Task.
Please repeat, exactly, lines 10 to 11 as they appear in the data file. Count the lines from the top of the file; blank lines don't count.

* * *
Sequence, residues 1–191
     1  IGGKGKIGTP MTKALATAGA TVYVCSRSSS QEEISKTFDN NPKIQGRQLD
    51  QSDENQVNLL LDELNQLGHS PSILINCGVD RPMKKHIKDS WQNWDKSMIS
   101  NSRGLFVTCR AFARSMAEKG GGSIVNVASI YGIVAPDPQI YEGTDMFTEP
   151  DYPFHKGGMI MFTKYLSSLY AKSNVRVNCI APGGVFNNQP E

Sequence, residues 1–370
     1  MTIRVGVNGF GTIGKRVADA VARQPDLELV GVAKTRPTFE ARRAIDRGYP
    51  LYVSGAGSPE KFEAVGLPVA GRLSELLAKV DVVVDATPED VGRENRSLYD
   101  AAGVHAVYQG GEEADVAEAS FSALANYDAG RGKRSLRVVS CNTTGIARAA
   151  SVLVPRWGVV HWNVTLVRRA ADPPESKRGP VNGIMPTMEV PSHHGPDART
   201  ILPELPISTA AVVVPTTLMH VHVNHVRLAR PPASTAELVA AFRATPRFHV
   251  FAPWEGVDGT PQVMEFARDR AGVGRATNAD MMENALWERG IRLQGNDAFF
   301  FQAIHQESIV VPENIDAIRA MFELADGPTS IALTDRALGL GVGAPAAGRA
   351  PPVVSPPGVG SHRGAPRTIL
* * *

   151  SVLVPRWGVV HWNVTLVRRA ADPPESKRGP VNGIMPTMEV PSHHGPDART
   201  ILPELPISTA AVVVPTTLMH VHVNHVRLAR PPASTAELVA AFRATPRFHV